Tobacco companies test-market innovative smokeless products

According to the recently revealed internal documents, tobacco giants started developing new smokeless products more than a decade ago. In conformity with the documents, the products had to contain no smoke, or peculiar tobacco odor, they also had to be fire-safe and readily available.

There are numerous ideas from creating special lotions and pills to toothpicks and snacks containing tobacco essence.

But, the most crucial ideas are now being implemented into life, as major tobacco companies started test-marketing their latest smokeless tobacco products.

The health organizations, as usual, claim that the new products are intended at minors, since they look similar to packs of Tic Tac, and have a nice smell, and an overall cute look.

Camel Dissolvable smokeless items – Orbs, Strips and Sticks

Reynolds American, the owner of Camel, Pall Mall, Grizzly and other famous tobacco brands, introduced their Smokeless Camel Snus to several test markets across the nation to collect feedback from consumers, and according to the company’s spokesman, have no exact date of the Snus’ launch to general market.

“Camel Dissolvable smokeless items – Orbs, Strips and Sticks resemble chocolate candies,” admitted Chris Miranda, a Winston-Salem University Hospital doctor. “They may not look so appealing to children, but many children could mess them up with candies if finding them in mom’s purse”. It could end in severe poisoning for infants who accidentally ate 5-10 pieces of such smokeless tobacco products.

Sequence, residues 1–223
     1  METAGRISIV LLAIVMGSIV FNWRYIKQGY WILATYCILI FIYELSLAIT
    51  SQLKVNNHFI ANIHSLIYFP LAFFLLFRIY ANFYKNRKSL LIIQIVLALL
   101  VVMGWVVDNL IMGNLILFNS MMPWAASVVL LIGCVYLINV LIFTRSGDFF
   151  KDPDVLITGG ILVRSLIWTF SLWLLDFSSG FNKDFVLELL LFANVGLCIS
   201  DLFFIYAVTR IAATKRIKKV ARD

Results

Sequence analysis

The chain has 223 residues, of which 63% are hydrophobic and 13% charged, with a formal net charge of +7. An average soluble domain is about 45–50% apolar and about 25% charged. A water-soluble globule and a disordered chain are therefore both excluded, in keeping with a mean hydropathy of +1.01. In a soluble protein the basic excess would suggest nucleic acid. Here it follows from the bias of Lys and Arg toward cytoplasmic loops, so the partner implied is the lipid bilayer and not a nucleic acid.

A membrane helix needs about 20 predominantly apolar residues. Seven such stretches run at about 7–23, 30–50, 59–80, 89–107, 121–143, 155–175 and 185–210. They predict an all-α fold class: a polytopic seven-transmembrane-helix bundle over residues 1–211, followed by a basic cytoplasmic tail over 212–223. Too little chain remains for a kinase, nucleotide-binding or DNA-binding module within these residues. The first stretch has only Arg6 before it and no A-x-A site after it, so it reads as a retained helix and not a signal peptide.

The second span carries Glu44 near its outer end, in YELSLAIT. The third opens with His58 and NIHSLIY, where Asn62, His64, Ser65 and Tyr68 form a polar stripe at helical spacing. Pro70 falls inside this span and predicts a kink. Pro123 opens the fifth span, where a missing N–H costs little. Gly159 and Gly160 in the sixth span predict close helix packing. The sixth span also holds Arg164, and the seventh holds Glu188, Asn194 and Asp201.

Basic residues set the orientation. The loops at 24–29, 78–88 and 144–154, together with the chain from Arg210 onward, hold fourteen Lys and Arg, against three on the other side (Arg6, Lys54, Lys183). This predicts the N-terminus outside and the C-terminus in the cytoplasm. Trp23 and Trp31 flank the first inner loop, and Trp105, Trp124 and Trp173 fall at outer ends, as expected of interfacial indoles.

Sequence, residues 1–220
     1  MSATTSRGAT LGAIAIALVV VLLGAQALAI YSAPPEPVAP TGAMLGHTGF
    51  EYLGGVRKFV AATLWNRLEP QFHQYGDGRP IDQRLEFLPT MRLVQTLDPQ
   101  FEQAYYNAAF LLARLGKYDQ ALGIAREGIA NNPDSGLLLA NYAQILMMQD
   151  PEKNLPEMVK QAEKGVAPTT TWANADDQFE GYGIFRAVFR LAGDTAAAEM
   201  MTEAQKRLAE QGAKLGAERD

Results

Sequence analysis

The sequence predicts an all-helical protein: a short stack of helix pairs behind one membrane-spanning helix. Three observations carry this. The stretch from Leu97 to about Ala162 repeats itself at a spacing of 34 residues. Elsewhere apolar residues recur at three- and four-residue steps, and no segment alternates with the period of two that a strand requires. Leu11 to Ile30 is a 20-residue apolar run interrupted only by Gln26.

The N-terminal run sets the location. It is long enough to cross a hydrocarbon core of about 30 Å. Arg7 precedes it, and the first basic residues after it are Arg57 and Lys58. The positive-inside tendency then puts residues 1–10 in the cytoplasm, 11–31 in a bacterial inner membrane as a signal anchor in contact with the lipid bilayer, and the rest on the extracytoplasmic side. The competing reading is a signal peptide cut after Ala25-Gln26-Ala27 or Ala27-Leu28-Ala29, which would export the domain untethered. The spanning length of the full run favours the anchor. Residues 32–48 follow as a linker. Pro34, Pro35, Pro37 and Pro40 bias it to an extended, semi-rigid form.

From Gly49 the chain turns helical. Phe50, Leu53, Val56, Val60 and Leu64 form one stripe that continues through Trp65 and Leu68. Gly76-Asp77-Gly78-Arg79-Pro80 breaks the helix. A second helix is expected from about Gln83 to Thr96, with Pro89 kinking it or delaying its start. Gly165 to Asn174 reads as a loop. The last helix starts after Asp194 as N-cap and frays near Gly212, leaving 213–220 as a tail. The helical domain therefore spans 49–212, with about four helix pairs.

Jake, a Hooper teenager, said he’s tried Camel’s frost-flavored Snus, spit-free tobacco that comes in small, tea bag-like pouches. Snus, which also come in a mellow flavor, hit Utah shelves last year, packaged in a cell-phone shaped metal tin.

Snus are immensely popular among teenagers and younger adults, who are willing in trying tobacco, but don’t want to stink of smoke. Many of surveyed youngsters say they would definitely try smokeless products, because the have no smoke, and have a taste of mint, mellow, making them similar to ordinary chewing gums.

Reynolds spokesman, David Howard argues, saying that all the products bear warning labels, exactly like cigarettes, and on their packages it is written that they contain tobacco. Moreover, the smokeless tobacco products are selling in the same age-restricted sections in stores as ordinary tobacco products, and they even are packed in child-proof containers.

Tobacco-makers are marketing the smokeless items as the newest chance to have a shot of nicotine anywhere the smokers want to. For, instance, advertisements for Ariva, a dissolvable tablet, containing tobacco, sold in several flavor varieties featured several testimonials from ex-smokers, among which was a high-school soccer coach who used it in order to avoid puffing in presence of minor pupils.

”I’m not quitting my habit,” said the advertisement of the smokeless product, ”I’m simply adjusting to current reality.”

As smokers are being exorcised from the majority of public places, anti-smoking organizations are concerned that more smokers will switch to smokeless tobacco products. Another important factor is the alleged safety of the smokeless tobacco, but the research carried out by Smoke-Free Kids shown that consumption of such products could result in oral cancer and other diseases. Nevertheless, many doubt the reliability of this research, since it is fulfilled by one of the major adversaries of tobacco industry.

Whereas it is true that Snus were introduced to test-markets without through prior clinical tests, Reynolds spokesman said that they have the same contents as other smokeless products, sold by the company, like Grizzly snuff, top-selling snuff across America, that had been extensively tested prior to its introduction.